Friday, April 26, 2013

Biting the Bullet

I'm going to add an abbreviated version of this information to my standing post on Gun Crime and People, but I ran into an interesting response from someone in the last two weeks that I wanted to share and consider.

As you know, statistically, cars are 4X as likely as guns to kill people -- even though cars are highly-regulated, and and not designed to kill, but guns are (as we are told) only designed for the purpose of killing. That statistic ought to speak directly to the effectiveness of regulation in curbing deaths when all the regulations on cars are intended to make them safer, but that's just me thinking like a person with nothing to lose in this debate.

The response I got to that recently was this [paraphrased]:
That statistic is BS because it doesn't speak to usage.  Cars are used every day, and even if they are 99.999% safe and harmless, a death rate of 0.001% multiplied by hundreds of millions times every day of the year is going to cause a pretty high death result no matter what.  Because guns are used less-often than cars, of course they are going to seem safer.
To which I say: good point -- interesting analysis.  But: not as true as it looks on the surface.  There's a good way to measure the real effective death rate of Guns -- and that's by the number of bullets consumed every year.  I say "good" and not "easy" because the statistic regarding how many bullets are produced every year is a little slippery -- there's not a definitive number or industry statement to link to.  However, The NRA and the National Shooting Sports Foundation have reported that 10-12 billion rounds of ammo are produced domestically in the US every year, and there are billions more imported every year as well -- and those are the bullets sold at retail, not the bullets sold to the Military.  Let's use the low-ball number of 10 billion for the sake of this analysis.

So the first question is this: what's a reasonable assumption about how bullets are consumed?  Are all these bullets getting stock-piled, or are they getting used?  The right answer, of course, is "both," but I'd add a warning label to that answer: even a person who is stockpiling bullets in a pathological way is shooting in order to keep in marksmanship up, and to maintain his weapons.  But think about this:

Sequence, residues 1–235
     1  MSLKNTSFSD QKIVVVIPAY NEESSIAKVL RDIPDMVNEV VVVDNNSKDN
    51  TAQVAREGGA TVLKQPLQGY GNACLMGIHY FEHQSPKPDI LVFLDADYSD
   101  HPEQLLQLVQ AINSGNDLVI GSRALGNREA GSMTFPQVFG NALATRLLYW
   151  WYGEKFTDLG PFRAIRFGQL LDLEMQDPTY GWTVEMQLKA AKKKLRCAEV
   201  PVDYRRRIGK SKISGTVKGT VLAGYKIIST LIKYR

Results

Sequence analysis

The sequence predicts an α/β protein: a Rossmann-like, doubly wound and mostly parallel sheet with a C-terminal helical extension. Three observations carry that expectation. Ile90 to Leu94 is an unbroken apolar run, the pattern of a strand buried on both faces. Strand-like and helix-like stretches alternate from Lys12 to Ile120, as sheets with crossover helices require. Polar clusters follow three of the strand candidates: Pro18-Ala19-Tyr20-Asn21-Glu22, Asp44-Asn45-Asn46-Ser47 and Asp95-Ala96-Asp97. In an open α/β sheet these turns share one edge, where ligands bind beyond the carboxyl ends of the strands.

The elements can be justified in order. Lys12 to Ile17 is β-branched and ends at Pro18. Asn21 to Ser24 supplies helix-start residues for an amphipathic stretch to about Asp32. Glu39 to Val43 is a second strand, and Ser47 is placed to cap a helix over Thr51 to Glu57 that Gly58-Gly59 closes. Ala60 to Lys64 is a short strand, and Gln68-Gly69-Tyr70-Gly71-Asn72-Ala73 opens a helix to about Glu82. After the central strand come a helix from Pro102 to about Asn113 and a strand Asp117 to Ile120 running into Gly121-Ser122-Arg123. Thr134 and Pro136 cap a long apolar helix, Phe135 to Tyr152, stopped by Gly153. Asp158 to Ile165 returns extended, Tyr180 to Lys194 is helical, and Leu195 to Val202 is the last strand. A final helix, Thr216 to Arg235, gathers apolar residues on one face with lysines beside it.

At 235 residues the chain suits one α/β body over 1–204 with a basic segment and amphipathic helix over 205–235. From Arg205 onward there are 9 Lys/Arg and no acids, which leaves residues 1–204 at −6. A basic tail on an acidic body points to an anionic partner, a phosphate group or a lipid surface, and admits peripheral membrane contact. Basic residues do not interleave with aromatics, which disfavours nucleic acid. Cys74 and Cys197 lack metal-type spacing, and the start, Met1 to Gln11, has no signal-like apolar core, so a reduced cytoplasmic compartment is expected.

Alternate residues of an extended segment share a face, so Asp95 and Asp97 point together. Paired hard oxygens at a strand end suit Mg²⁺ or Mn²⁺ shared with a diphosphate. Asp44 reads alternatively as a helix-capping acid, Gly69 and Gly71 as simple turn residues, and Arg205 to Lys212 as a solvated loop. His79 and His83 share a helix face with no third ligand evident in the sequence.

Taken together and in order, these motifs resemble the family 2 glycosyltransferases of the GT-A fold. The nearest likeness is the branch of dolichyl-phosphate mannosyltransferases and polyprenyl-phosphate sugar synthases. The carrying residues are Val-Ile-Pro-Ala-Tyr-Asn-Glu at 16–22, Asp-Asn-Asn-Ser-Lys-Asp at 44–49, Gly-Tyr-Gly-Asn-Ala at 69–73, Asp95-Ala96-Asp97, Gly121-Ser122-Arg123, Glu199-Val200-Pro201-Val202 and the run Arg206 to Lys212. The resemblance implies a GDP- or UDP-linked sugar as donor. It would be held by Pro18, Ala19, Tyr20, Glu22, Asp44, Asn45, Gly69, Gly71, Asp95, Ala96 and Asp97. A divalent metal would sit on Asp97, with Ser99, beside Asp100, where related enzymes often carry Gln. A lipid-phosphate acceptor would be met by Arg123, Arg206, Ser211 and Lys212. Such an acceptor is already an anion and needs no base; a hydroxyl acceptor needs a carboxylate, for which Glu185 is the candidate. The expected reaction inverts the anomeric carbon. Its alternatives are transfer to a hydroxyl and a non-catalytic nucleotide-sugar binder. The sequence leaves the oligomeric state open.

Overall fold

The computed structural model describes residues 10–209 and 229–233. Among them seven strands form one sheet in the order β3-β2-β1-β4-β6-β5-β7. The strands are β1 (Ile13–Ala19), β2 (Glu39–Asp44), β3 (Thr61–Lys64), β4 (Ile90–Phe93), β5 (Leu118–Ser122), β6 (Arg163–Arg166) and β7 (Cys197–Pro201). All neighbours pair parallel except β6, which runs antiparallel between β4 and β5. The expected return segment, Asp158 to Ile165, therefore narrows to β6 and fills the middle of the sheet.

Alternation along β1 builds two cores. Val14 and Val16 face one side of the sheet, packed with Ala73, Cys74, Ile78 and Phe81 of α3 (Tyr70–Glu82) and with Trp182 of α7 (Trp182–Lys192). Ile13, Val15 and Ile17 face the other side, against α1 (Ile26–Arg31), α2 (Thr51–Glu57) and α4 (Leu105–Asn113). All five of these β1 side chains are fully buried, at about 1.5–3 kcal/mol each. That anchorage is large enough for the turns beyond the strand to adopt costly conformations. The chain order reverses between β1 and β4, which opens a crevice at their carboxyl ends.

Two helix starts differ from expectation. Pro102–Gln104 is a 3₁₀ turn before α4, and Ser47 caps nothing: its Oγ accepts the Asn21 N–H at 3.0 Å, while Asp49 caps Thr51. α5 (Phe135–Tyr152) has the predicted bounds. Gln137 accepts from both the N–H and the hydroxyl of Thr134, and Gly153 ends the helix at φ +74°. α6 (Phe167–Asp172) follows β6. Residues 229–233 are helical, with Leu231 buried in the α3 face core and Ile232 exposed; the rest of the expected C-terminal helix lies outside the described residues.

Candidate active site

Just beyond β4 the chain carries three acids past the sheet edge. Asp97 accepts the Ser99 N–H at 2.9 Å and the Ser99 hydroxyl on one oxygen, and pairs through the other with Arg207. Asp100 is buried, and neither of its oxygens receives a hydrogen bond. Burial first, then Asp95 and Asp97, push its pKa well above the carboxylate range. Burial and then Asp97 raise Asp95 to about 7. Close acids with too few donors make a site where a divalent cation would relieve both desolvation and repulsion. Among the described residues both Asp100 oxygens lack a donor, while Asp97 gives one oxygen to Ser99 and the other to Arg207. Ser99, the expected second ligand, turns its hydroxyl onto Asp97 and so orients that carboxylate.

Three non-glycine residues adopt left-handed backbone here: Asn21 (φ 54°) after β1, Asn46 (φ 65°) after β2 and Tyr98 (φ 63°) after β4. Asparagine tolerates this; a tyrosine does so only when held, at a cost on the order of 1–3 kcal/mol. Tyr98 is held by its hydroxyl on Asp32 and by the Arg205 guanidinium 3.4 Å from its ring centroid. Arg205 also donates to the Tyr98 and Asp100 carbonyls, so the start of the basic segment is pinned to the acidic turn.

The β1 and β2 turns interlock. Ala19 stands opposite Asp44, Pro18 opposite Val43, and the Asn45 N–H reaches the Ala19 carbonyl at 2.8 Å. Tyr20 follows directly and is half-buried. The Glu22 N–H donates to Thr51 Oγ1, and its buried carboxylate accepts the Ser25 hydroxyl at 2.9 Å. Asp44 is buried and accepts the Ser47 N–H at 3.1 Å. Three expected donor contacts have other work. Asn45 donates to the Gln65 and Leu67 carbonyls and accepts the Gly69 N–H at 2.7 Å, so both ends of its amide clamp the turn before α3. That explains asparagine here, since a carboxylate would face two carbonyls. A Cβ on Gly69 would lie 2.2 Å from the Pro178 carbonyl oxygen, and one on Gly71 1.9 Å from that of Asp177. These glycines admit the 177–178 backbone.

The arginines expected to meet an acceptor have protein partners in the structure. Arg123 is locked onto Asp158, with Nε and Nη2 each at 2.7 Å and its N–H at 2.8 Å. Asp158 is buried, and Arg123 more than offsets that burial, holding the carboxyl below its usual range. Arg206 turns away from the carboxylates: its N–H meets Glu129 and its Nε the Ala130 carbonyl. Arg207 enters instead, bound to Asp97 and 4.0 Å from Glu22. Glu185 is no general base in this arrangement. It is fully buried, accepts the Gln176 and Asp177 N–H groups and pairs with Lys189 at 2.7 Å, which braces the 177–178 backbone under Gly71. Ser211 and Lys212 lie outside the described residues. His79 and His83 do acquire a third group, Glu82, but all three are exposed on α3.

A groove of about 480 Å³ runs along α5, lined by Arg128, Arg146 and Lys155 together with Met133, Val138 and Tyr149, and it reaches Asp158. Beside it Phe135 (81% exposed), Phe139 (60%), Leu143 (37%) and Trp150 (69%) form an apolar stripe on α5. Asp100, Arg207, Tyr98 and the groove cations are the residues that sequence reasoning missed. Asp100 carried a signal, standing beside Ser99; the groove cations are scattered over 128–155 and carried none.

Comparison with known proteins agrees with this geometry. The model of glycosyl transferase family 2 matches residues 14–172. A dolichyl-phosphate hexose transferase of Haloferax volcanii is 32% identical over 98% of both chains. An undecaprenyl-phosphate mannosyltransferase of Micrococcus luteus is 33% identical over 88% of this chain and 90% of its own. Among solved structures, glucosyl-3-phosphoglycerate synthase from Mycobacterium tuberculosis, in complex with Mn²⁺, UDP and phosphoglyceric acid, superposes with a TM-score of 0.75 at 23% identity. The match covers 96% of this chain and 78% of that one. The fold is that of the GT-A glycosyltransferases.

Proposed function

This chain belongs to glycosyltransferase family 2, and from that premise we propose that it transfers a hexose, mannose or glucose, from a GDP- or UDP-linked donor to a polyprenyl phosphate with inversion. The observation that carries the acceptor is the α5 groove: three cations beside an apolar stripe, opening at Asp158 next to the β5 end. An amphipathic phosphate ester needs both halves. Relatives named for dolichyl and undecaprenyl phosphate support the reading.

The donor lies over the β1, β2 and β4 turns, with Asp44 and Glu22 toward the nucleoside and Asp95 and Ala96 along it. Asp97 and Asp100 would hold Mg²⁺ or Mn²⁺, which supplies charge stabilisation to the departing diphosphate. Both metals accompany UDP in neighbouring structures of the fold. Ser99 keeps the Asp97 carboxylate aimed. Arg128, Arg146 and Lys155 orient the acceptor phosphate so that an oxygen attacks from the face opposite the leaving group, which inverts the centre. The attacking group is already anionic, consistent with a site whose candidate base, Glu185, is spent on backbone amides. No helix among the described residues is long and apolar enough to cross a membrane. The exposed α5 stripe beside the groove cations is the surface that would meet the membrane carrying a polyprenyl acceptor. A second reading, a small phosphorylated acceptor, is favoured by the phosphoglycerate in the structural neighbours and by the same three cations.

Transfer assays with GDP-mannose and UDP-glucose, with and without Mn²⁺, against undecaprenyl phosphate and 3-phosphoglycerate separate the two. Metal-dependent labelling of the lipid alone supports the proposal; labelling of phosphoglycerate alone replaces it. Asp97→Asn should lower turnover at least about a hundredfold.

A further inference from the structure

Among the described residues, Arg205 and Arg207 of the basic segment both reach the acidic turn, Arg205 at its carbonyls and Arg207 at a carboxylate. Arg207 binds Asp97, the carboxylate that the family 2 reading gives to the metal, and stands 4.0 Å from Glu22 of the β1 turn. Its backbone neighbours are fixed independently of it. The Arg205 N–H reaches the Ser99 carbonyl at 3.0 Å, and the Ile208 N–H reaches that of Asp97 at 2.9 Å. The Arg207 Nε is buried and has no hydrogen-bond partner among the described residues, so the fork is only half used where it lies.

10 billion bullets / 300 million guns =
34 bullets per gun

That's not a lot of bullets per gun -- it looks like someone shooting for practice maybe once per year.  At that rate, there isn't a lot of stockpiling going on.  But what that does mean is that almost all the bullets bought in a given year are being shot -- statistically speaking, if not actually.

So how many bullets a day are getting shot, statistically?

10 billion bullets / 365 days =
27.4 million bullets per day

Think about that: 27.3 million bullets per day.  Since there are roughly 26 fire arm homicides per day, that means that the rate of homicides per bullet is this:

26 homicides / 27.4 million bullets =
1 murder per 1 million bullets

Just to be utterly fair to our objector, here's the math for vehicular deaths per day:

85 deaths per day / 254 million vehicles =
1 death per 3 million vehicles

In that analysis, guess what?  Cars are safer than guns -- which should be a fantastic relief to everyone who has to get home from work today.  However: we are taking about the difference between an effective safety rate of 99.99991% (guns) and 99.99997% (vehicles) -- a difference of 0.00006%.

Let me put all of this into perspective for you: the odds of getting struck by lightning are 1/700,000 (according to National Geographics).  That means it's 4 times more likely to happen to you than being in a car accident.  But: it is 1.5 times more likely than you being killed by a bullet.

That's what we're talking about here when we're talking about guns, gun crime, and people: we're talking about laying down laws on the hundreds of millions of utterly-innocent gun owners for the sake of making the relatively-rare and already-illegal acts of the criminals somehow more illegal -- and more rare than lightning strikes.

Of course, when this gets out, President Obama many promise to legislate better weather.

1 comments:

David Ruzicka said...

Wow. Best post I've read on gun control. Good job.

Post a Comment